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‘ONE IN FOUR’ UK doctors forced off work as Covid-19 pandemic causes severe headache for healthcare system

The UK’s national healthcare system (NHS) is struggling to cope with around 25 percent of doctors who are off work sick or in self-isolation, as the Covid-19 pandemic wreaks havoc across frontline services.

The president of the Royal College of Physicians (RCP), Professor Andrew Goddard, claimed on Monday that around a quarter of all doctors have been forced off work, either with coronavirus or because a family member or housemate is symptomatic.

Goddard said London in particular is suffering with workforce shortages and warned that other cities are also beginning to show the strain.

This is really impacting a lot in emergency departments and London is in a much worse position than elsewhere at the moment, but it will come to other places. Birmingham is also struggling.

The claim comes after the Royal College of Nursing (RCN) revealed on Sunday that around one in every five nurses had taken time off work to self-isolate due to the outbreak of the deadly disease.

There’s been widespread criticism of the lack of availability of personal protective equipment (PPE) and of Covid-19 testing for frontline healthcare workers, both in the NHS and care home sectors.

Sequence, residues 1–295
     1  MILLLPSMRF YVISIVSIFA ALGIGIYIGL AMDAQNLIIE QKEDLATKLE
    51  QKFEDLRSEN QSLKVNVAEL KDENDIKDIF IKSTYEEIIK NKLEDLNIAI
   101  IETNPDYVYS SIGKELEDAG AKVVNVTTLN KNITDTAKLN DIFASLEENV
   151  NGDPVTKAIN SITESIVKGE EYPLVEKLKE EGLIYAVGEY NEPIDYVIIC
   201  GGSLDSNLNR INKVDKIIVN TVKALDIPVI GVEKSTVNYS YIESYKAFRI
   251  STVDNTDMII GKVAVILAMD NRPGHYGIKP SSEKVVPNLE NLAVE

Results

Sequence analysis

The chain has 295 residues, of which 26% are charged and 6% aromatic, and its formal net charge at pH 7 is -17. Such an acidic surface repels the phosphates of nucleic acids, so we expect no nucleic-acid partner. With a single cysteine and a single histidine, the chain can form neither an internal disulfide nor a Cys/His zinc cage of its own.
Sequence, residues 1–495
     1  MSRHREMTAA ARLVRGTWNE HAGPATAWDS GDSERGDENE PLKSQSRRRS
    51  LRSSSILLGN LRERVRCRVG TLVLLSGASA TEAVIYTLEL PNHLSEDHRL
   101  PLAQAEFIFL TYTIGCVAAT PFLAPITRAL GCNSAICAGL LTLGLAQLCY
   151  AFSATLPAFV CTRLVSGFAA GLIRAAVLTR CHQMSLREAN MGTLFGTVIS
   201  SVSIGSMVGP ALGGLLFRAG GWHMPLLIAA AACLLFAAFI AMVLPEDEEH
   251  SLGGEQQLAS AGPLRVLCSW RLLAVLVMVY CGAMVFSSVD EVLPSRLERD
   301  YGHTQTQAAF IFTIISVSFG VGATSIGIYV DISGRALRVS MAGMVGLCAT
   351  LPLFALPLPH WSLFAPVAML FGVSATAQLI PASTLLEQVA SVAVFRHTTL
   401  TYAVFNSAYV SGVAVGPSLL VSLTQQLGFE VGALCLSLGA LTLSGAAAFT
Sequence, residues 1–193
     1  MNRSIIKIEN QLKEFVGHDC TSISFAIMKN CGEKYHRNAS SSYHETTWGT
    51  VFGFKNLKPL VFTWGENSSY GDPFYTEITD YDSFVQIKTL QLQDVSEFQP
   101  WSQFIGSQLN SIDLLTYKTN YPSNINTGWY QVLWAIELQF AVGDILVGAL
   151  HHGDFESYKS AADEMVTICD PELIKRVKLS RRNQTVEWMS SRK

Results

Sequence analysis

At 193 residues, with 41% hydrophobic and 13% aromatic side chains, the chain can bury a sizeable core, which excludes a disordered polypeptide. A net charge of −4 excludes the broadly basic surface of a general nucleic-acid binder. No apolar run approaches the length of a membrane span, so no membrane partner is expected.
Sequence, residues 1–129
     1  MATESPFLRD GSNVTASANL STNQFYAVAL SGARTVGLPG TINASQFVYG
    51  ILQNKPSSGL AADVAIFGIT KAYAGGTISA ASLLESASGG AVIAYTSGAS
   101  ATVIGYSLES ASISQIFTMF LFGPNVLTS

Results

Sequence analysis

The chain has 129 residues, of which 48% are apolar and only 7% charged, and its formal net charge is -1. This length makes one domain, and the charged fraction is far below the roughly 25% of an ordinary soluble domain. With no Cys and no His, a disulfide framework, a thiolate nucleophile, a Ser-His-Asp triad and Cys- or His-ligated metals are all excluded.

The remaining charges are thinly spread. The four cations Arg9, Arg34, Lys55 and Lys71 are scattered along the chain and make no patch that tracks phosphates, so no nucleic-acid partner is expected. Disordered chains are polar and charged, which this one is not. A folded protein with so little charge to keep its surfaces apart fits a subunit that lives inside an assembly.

Amged El-Hawrani, a 55-year-old ear, nose and throat specialist, became the UK’s first frontline healthcare worker to die from contracting coronavirus on Saturday night.

The disease continues to hit hard at the heart of government, with Dominic Cummings – PM Boris Johnson’s chief adviser – becoming the latest victim in Westminster to self-isolate after developing symptoms.

Cummings joins Johnson, Health Secretary Matt Hancock and England’s chief medical officer Professor Chris Whitty, who are all in self-isolation due to Covid-19.

Meanwhile, authorities warned on Sunday that life won’t return to normal for quite some time. England’s Deputy Chief Medical Officer Jenny Harries revealed that lockdown measures could be in place for at least six months, so as to lessen the chances of “a second peak” of the pandemic.

However, a report published by the Imperial College Covid-19 Response Team in the UK has warned that suppression measures being implemented by nations could last between 12-18 months – the expected time frame for a vaccine to become available.

The latest official UK figures show that 22,141 have tested positive for the coronavirus infection, resulting in 1,408 deaths so far.